Speed and savings are two of the most cited arguments for online shopping, but a new survey conducted by management consulting firm Oliver Wyman and published by the Harvard Business Review suggests consumers may not be benefiting as much as they think.
The researchers surveyed 1,500 American apparel and accessories consumers and found that for one thing, when they bought online, their baskets were 25 percent larger on average than they were in stores. For omnichannel shoppers who visited a brick-and-mortar location before buying online, that basket size increased even further, resulting in a purchase that was 64 percent larger than if they’d bought in-store.
The analysts said free-shipping minimums, wider selection and the ease of impulse buying on e-commerce sites all contribute to the more significant spend.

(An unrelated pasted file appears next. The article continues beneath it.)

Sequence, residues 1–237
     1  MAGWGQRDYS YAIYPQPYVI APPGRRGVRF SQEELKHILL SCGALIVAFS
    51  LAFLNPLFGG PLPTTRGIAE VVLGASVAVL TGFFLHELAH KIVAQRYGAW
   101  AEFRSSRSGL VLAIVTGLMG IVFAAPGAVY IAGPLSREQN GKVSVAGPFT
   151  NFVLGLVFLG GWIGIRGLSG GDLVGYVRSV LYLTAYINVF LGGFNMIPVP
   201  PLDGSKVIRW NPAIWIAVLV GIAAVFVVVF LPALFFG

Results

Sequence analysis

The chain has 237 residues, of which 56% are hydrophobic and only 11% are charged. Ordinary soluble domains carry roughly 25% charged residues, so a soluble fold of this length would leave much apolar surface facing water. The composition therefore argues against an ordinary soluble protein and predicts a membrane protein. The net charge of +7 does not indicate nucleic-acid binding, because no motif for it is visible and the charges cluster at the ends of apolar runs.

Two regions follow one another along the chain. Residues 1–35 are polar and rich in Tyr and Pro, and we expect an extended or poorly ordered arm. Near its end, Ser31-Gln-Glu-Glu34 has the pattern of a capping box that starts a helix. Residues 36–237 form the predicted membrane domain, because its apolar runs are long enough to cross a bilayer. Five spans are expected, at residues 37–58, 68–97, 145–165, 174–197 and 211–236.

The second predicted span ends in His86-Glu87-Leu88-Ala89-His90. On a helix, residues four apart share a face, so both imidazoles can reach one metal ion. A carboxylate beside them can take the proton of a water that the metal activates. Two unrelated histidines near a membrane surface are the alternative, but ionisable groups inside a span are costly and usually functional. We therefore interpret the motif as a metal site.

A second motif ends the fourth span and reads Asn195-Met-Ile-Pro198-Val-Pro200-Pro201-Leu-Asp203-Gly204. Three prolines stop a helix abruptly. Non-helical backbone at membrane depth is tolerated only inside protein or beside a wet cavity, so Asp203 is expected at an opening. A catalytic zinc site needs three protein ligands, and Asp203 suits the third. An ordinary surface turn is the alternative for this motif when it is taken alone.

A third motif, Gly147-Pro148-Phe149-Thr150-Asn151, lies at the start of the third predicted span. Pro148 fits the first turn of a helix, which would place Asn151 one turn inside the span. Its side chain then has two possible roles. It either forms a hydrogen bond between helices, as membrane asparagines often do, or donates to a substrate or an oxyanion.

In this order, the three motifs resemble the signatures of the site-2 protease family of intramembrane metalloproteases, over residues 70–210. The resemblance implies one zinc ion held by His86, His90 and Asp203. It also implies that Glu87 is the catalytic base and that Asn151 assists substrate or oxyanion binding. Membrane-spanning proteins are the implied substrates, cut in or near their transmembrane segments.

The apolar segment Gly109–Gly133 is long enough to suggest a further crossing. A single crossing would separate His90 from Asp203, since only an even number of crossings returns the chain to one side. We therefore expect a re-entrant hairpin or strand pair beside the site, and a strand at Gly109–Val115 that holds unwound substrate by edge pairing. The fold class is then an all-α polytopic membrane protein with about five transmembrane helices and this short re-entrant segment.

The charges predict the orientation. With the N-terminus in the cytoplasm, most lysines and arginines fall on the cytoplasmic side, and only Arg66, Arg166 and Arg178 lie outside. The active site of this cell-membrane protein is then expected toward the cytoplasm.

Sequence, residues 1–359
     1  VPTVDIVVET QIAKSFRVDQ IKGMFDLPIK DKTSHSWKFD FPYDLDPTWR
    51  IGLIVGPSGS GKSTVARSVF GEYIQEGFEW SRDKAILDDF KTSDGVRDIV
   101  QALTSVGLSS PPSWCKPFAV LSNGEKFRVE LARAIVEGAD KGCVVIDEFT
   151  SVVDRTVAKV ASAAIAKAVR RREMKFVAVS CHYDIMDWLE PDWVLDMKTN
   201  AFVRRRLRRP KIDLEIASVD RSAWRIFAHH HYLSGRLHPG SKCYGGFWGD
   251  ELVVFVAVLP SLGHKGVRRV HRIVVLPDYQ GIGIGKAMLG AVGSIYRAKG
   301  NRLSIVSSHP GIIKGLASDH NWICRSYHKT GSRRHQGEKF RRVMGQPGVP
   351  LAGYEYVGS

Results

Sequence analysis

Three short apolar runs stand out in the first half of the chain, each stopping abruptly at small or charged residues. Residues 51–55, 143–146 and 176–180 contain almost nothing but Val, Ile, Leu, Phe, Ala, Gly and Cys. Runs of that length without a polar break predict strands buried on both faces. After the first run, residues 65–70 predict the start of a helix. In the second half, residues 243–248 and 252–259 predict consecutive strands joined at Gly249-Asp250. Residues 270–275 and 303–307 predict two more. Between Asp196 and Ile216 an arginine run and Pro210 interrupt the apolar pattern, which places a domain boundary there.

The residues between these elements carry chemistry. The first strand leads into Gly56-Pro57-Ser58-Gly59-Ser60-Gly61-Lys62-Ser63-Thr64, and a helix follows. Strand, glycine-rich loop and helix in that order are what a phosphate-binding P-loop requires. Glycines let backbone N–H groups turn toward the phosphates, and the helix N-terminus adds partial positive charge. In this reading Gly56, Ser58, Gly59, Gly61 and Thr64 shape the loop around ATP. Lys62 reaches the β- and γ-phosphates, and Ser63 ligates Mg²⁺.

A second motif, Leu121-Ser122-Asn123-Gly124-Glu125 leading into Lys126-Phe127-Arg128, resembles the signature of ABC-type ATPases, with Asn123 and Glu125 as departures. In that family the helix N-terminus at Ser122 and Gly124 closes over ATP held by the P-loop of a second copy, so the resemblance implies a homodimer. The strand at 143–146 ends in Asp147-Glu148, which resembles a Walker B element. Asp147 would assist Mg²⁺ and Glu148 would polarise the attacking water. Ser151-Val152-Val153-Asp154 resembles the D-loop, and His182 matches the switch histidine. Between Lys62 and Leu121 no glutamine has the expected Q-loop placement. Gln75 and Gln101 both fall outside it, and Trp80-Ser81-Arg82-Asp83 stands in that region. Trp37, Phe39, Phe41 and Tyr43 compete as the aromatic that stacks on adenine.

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But at least the convenience of one- or two-click shopping saves enough time to make up for those lost dollars, right? Well, not exactly.
Consumers tend to spend more time comparison shopping for purchases that they ultimately make online. In fact, 57 percent of the time, the site the shopper buys from isn’t their first stop: Prior to purchasing, they’ll have visited another website (29 percent), checked out a physical store (15 percent) or both (13 percent). Of course, it’s a lot easier to check out a competitor’s prices when it’s as simple as opening another tab rather than walking or driving to a separate store.
And e-commerce still has a ways to go to catch up with physical retail: Online shopping accounts for about a tenth of America’s shopping dollars, though that number is steadily rising.
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